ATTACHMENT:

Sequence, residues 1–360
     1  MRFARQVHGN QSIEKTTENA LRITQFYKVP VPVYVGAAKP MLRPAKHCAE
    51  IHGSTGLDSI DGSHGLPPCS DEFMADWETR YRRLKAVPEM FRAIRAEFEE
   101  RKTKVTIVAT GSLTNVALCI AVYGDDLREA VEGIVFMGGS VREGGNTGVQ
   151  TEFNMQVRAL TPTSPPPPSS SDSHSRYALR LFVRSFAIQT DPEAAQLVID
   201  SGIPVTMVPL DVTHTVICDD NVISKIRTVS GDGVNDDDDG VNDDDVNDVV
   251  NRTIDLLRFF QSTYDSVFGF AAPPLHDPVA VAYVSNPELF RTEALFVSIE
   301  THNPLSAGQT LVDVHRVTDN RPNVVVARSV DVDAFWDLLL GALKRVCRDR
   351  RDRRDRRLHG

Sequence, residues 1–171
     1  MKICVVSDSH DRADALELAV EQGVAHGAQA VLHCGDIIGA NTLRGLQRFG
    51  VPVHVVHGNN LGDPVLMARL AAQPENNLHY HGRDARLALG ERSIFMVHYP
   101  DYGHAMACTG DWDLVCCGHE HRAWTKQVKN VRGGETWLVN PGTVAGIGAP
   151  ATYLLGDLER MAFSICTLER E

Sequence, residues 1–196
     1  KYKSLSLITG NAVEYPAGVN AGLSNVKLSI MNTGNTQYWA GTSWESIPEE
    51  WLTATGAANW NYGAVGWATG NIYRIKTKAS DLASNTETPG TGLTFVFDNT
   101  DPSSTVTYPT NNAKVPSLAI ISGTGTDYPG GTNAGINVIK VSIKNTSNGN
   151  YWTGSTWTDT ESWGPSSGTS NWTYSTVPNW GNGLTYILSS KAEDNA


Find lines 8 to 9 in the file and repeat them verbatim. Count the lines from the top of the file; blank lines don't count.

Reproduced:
   301  THNPLSAGQT LVDVHRVTDN RPNVVVARSV DVDAFWDLLL GALKRVCRDR
   351  RDRRDRRLHG